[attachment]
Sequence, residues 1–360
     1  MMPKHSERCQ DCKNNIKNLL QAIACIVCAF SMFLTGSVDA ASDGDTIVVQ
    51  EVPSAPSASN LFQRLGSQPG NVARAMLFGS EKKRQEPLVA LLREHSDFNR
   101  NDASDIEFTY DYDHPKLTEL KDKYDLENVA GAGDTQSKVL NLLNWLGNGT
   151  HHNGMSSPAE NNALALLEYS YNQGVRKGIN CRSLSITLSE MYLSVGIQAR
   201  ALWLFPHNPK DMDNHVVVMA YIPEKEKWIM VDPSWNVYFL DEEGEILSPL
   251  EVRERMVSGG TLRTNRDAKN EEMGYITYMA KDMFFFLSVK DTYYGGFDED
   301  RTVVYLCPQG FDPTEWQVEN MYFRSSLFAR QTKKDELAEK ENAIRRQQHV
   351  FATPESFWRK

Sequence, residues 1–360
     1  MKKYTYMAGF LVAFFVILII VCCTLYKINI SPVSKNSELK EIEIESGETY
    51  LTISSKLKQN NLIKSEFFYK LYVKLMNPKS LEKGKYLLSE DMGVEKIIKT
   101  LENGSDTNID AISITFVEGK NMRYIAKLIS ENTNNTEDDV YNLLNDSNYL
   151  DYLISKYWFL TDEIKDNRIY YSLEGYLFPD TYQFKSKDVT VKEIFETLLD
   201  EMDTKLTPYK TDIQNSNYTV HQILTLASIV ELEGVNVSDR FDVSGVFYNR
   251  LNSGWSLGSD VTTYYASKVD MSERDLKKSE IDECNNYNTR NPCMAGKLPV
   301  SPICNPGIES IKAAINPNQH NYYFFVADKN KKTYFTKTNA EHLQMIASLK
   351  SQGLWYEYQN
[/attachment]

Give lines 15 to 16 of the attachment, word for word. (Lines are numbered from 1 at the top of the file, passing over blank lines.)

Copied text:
   201  EMDTKLTPYK TDIQNSNYTV HQILTLASIV ELEGVNVSDR FDVSGVFYNR
   251  LNSGWSLGSD VTTYYASKVD MSERDLKKSE IDECNNYNTR NPCMAGKLPV